Lastly, it’s time to complain about the offense. Jon Garland allowed seven hits and issued three walks, and the Yanks still couldn’t put anything together. Josh Phelps’s two double plays didn’t help — though he certainly hit the ball hard on at least one of them (didn’t see the other). Hey, sometimes you hit it hard and it’s right to someone — like Konerko’s drive to left center that landed in Matsui’s glove. So yeah, the two DPs and the error hurt, but he also drove in one of the team’s runs. Give him time to settle into an everyday role, and he’ll be just fine at first. Well, that, and hours and hours of fungoes from Larry Bowa.
T-Clip vs. Mark Buehrle tonight. We just need six innings from Clip. Proctor is rested, so you can hand him the ball for two or give Bruney an inning before Mo. Or we could just blow them out and not need the top guys. No word yet on who will take DeSalvo’s spot. Rotoworld is saying it’s Basak. We’ll keep you posted.
Last 7 Days
Sorry about yesterday’s lack of an update. The database wasn’t updated nearly in time to get it in.
Melky: 444/476/722 — Melky man, raking!
Cano: 429/520/810 — three walks in seven days. It’s a modern-day miracle!
Abreu: 389/522/611 — I’m loving the top 3
Phelps: 312/389/312 — keep him in the lineup and watch that slugging percentage rise
Jeter: 111/143/259 — not good to see our Nos. 1 and 2 hitters at the bottom
Triple-A Scranton (7-2 loss to Rochester)
Alberto Gonzalez: 2 for 4, 1 2B, 1 RBI, 1 K
Bronson Sardinha: 0 for 4, 3 K – promote Kennedy! promote Kennedy! why isn’t everyone demanding Sardinha’s demotion???
Andy Phillips: 1 for 3, 1 K, 1 E (fielding)
Shelley Duncan: 0 for 4, 2 K – 1 for last 7 after 4 for previous 11 with a double and 3 bombs…
Angel Chavez: 2 for 4, 1 R, 1 2B, 1 HR, 1 RBI, 2 K – in case you haven’t been paying attention, he’s been mashin’ this year…
Jamal Strong: 2 for 3, 1 R, 1 2B, 1 K
Steven Jackson: 5 IP, 8 H, 6 R, 3 ER, 0 BB, 5 K, 1 HB, 7-1 GB/FB
In which we ponder the fate of Luis Vizcaino.
Earlier today, the White Sox optioned struggling relievers Mike MacDougal and David Aardsma to AAA. In their place, they recalled some dude named Ryan Bukvich. Oh yeah, and our old buddy Bret Prinz. Dude must have been hurt, as he’s thrown just 29.1 IP over the past two seasons. He’s sporting a 0.56 ERA in 16 AAA innings this year, but those nine walks don’t help his cause. · (1) ·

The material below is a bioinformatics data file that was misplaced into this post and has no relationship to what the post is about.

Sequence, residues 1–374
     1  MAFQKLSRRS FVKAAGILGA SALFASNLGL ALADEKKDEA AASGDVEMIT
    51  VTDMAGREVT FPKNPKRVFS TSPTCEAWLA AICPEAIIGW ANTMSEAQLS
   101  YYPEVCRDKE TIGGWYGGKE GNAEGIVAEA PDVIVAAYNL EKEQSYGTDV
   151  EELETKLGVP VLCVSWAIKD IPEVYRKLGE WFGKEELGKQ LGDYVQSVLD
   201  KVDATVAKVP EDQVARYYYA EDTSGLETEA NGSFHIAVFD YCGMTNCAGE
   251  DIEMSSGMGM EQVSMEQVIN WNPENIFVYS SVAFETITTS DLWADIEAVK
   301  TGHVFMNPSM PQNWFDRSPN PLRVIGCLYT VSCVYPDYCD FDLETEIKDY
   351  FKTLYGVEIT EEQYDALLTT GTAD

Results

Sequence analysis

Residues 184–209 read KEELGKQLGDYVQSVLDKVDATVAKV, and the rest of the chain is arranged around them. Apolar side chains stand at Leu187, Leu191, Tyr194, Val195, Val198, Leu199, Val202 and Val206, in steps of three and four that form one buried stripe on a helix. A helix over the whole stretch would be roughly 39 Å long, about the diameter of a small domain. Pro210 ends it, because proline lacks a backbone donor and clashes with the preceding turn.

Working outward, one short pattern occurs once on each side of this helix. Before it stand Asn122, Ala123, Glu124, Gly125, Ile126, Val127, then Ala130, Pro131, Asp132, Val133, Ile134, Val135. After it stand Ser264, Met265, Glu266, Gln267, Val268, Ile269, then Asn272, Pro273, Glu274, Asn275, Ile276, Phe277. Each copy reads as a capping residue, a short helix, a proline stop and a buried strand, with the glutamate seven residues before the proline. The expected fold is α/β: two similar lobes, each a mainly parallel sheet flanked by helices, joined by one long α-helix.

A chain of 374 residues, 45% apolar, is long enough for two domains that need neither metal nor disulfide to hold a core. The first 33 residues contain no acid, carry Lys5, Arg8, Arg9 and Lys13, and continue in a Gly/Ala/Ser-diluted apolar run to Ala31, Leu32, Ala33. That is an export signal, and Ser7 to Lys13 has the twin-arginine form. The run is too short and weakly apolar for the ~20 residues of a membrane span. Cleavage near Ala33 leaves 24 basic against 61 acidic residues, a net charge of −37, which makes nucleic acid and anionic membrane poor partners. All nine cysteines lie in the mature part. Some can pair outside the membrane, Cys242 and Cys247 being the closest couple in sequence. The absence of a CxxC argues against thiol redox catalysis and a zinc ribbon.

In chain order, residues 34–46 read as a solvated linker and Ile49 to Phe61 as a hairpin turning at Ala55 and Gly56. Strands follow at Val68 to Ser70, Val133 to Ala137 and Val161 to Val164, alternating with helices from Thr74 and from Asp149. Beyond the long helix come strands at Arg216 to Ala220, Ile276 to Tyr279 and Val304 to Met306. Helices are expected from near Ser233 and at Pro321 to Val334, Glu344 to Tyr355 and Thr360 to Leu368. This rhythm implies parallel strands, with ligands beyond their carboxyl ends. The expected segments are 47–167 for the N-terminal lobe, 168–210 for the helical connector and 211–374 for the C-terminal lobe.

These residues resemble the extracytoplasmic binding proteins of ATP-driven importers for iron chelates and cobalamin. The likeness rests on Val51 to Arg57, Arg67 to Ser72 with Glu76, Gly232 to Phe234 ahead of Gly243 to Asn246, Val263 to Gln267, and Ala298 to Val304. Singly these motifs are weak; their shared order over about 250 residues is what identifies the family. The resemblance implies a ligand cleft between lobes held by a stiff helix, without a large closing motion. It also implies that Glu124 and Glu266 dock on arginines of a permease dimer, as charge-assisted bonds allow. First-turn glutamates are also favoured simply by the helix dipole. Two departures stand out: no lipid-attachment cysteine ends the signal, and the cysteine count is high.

While chatting on the Banter last night during the heart attack-inducing end of the game, I noticed a fellow commenter state that Kyle Farnsworth should be the David Ortiz specialist. The numbers, albeit in limited plate appearances, bear out that statement. Farnsworth has faced Ortiz 9 times. Ortiz is 0 for 6 with 4 Ks and 3 BBs. When you compare those numbers to Ortiz’s .313/.333/.563 line in 17 plate appearances against lefty specialist Mike Myers, it’s clear who should be pitching to Ortiz with the game on the line. · (0) ·
It’s theÂ nature of the draft to give second chances. The Orioles yearned forÂ Mark Teixeira‘sÂ middle-of-the-order bat in 2001, but sat and watched as Texas popped himÂ with the 5th overall pick, 2 spots ahead of the Orioles.Â Instead of sulking and blowing the 7th overall pick on, ugh, Chris Smith, the O’s could have made up for losing out on Teixeira by drafting Ryan Howard, who the PhilliesÂ took 135 picks after Teixeira’s name was called.
Stuff like this happens every year. Twenty-seven teams didn’t even have a chance to draft Red Sox killerÂ Alex Rodriguez in 1993, but all 27 passed on Scott Rolen at least once. Now of course it’s easy to go back and say these teams missed out, but the point is that there’s talent out there, you just have to look for it. Here’s a couple of the guys that could keep you from throwing a chair when some team picks your guy on draft day:
What You Want: An outfielder that profiles as aÂ middle-of-the-order bat and should move quickly.
The Top Dogs: Kyle Russell, Texas &Â Kellen Kulbacki, James Madison
The Alternative: Grant Desme, OF, Cal Poly. After transferring from San Diego State, Desme was monster for the Mustangs this spring, going .405-15-53 with 12 stolen bases and 17 doubles. Alas, Desme’s season came to a premature end when he was hit by pitch that broke his wrist. He’s a solid athlete with a nice arm and good baserunning skills, and obviously, a plus hit tool. For a team looking to land that masher without breaking the bank, Desme’s the guy.
I have to admit: I just finished watching the game (It’s 7 a.m. as I write this). After Alex and Jorge failed to deliver with runners on first and third in the seventh, I was done. The deadly combination of frustration and sleepiness convinced me to turn off Miller and Morgan and hit the sack. “If they come back, they come back,” I said. After all, I have MLB.tv and could watch the game in the morning if I had to.
Which is exactly what I just did.
We’ve been asking Andy Pettitte to shoulder so much burden this year that it almost seems unfair. It’s even less fair that when we ask him to do this, we don’t score any runs behind him (though that obviously wasn’t the case last time he faced Boston). Thankfully, Pettitte isn’t easily discouraged, and continues to pitch like the ace that no one thought he could be.
In the fifth, though, things unraveled. We saw the medical team head out to the mound, which is a unpleasantly familiar sight for this team. Pettitte stayed in, but wasn’t very effective. He loaded the bases and wound up being charged with all five runs scored by the Red Sox. Though they weren’t really all his fault — Bobby Abreu’s complete misplay let in three runs.